It was about then that the punch cards popularly used for programing a computer became obsolete and my mother and I took boxes of them we inherited and made Christmas wreaths out of them.

Then along came the Texas Instruments home computer, the TI-99. It was used mainly for games but it was the first step in smaller computers and was about the size of a small musical keyboard.

Next the Tandy came into our home. A Radio Shack special that eventually became totally obsolete and anything you did on it was pretty much worthless because it wouldn't transfer to the new IBM models that followed. The Tandy taught me about word processing. It also taught me to back up my work. I remember losing two hours worth of data entry one day to a komikaze squirrel who knocked out a transformer and caused a blackout.

From those early models, PCs lept forward with technology. The computers got smaller in size, bigger in memory, and faster in "thinking."

Today, the computer that took up half of our basement can fit into the palm of your hand and do the work of a dozen of those computers or more. And the white-out ribbon I was so excited about has been replaced by cut and paste in my word processing program that does about everything but create the words--oh wait! It does insert the right spelling and even suggests how I could say it better. It also automatically backs up. I no longer fear komikaze squirrels.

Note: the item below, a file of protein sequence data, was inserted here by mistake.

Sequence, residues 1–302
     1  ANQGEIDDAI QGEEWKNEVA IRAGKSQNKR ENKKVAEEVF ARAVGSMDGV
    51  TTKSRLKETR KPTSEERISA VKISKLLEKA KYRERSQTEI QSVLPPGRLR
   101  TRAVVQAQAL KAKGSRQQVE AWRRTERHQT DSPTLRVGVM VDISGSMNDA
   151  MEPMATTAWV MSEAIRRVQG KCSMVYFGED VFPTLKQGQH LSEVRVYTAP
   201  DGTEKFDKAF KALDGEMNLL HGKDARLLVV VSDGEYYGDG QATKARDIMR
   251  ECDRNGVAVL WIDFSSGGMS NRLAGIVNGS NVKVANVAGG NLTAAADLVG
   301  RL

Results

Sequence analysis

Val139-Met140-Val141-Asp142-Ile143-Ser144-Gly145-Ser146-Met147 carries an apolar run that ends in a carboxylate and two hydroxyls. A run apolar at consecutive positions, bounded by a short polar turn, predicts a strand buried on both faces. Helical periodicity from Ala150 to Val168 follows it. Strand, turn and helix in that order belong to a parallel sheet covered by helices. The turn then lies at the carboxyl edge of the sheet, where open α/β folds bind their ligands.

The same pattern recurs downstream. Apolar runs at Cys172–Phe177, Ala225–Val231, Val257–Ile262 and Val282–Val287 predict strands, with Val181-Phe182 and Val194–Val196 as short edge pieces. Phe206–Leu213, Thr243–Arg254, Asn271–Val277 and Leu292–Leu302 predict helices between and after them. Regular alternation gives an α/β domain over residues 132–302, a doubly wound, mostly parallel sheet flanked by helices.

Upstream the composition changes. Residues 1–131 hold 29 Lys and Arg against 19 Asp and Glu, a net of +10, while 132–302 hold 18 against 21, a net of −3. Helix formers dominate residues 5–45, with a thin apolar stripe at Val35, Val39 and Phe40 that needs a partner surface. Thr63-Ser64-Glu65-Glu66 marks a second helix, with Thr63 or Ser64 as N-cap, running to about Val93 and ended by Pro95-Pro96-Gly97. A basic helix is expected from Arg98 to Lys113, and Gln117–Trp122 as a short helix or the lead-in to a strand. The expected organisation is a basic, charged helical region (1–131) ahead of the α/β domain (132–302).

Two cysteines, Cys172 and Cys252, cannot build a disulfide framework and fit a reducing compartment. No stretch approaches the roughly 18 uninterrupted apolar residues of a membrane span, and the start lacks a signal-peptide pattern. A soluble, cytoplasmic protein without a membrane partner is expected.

Thursday, October 04, 2007

In My Lifetime--Game Shows

I watched Wheel of Fortune last night and saw Vanna in dazzling evening gown lightly touch the puzzle board and set the letters in motion, popping up for the first round. She's come a long way in 25 years. So far that I'm surprised she still has a job. The puzzle board is so automated that except for "window dressing," she really isn't necessary. Any one else remember when she had to actually turn the letters around?

Game/quiz shows have been consistently popular as long as I can remember. They were also a point of cotroversy back in the late 50s when it was discovered that some shows were feeding answers to contestants they wanted to continue on. The $64,000 Question was one that was investigated.

Lots of game shows have come and gone. Some I watched were: Password, Hollywood Squares, The Dating Game, Let's Make a Deal, $10,000 Pyramid, Family Feud, and Jeopardy (back when Art Fleming was host, too).

Perhaps the greatest of these (in my opinion) and the longest lasting is The Price Is Right. It's been going since 1972 and looks to continue even after Bob Barker's retirement. I remember watching Barker on Truth or Consequences before TPIR.

Certainly game shows have truly changed in the amount of money people can win. Inflation perhaps? Deal Or No Deal this week was trying to give away a million bucks. They were trying so hard, they had four suitcases with a cool mil in them.

So, why the popularity? Is it the fantasy of winning big? The challenge of knowing the answers (Are You Smarter Than A 5th Grader?)? Whatever the reason we all love to watch. . .and dream.

Wednesday, October 03, 2007

Celebrity Look Alikes

For years I have had to listen to people say how much my husband looks like Ted Kennedy. That was good before the years of drinking and overeating caught up with Teddy. Now Bob looks much better than Ted. When my daughter-in-law found this site and ran their pictures for celebrity look-alikes I thought it might be fun. My son came out with Mel Gibson and Brad Pitt on his list. Hmmm. How accurate is this technology?

Here's mine. I'm surprised that I have two Japanese ladies and an Indian in my portfolio.
Related Posts Plugin for WordPress, Blogger...